Offering an idiot’s guide to torture tactics

Published 11:10 am Friday, May 8, 2009

Let’s say that you want to torture your enemies, not because you like the barbaric practice, but solely because you want to protect your country.

There could not be a more noble cause, no more defined purpose, no more necessary step to insure the safety of the public.

Yet, in your country, as in many nations, torture is illegal. Not just by federal law, but by your history, your military code of justice, and the numerous treaties your nation has signed over generations denouncing the practice of torture.

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One no less than your founding father and first president refused torture though his enemies practiced the despicable acts against your fellow citizens.

So, how do you ignore all of this, commit torture and avoid being held criminally and morally responsible for your acts by law and history?

Not an easy task, but one that inventive, creative people can manage with a self-righteous justification and smug self assurance usually reserved for tyrants and dictators.

Step One: Say out loud, so others can hear, that this war is different from all other wars, this enemy less human.

This initial step is necessary in order to justify all that will follow. It demonizes the other and sanctifies all the steps you will take to deal with this evil.

Step Two: Create some form of legal cover, hopefully by the simple method of re-defining the meaning of language.

The initial problem of existing law and treaty must be overcome.

Now, in the case of the U.S. for example, not only do our laws stand in the way of torture, and our signature on the Geneva Conventions, but also our ratification of the 1984 Convention Against Torture (CAT) creates a potential problem for the practice of torture.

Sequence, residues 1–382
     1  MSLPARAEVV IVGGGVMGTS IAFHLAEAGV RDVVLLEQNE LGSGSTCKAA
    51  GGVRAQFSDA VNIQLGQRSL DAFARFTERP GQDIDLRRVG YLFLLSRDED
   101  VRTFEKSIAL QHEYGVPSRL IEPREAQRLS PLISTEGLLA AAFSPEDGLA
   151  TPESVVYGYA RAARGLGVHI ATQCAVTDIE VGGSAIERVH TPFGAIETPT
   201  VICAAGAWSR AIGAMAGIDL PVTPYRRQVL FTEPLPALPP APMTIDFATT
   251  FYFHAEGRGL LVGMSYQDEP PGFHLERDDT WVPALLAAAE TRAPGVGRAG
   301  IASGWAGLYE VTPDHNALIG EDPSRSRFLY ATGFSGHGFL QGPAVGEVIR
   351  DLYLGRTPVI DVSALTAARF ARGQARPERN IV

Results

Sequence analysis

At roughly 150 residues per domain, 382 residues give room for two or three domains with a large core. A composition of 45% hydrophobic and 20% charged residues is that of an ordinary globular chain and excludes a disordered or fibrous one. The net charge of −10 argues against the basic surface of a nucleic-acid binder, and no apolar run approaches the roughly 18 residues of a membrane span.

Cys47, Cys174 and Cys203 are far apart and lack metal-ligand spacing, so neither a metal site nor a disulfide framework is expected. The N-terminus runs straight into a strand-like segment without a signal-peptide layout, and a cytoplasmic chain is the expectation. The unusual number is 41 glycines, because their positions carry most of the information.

CAT states that there are “no circumstances whatsoever…that could be invoked as a justification of torture.” CAT then defines torture as “…severe pain or suffering, either mental or physical.”

Sounds impossible to get around, doesn’t it?

Not true. Given new words such as “enhanced or robust or special interrogations” one can simply say these practices are not torture at all. They are … different.

These re-definitions work to stifle debate, since one simply argues, as does ex-VP Dick Cheney, “We don’t torture.”

But there remains the legal issue, one that can result in international trial if not managed. So one could have the White House Office of Legal Council (OLC), the official legal adviser to the administration, draft words explaining how the difficult words are mitigated.

For example, on Aug. 1, 2002, the OLC issued a memo that defined torture in such a way that committing torture would be virtually impossible.

To be torture the acts would have to last months, even years, and result in death or failure of bodily functions. Thus waterboarding, and other acts previously called torture, became enhanced techniques.

Step Three: Hire torturers. This is not as easy as it sounds when there are no experienced professionals in your employment.

But here you simply employ the CIA, create secret prisons and, as an insurance policy, give the director a Medal of Freedom for his failure to anticipate 9/11, his failure to access the non-threat of Iraq, and, most importantly, his willingness to torture.

Step Four. Claim success, but note that because of security issues you cannot speak of the specifics of the great successes brought to you by torture, ahem, non-torture.

Step Five: Claim that critics of your torture were aware of it, but it didn’t happen, and if it did it was to save the nation.

Step Six: Pray no one is paying attention to these lies and crimes.

Jim Crawford is a contributing columnist for The Tribune and a former educator at Ohio University Southern.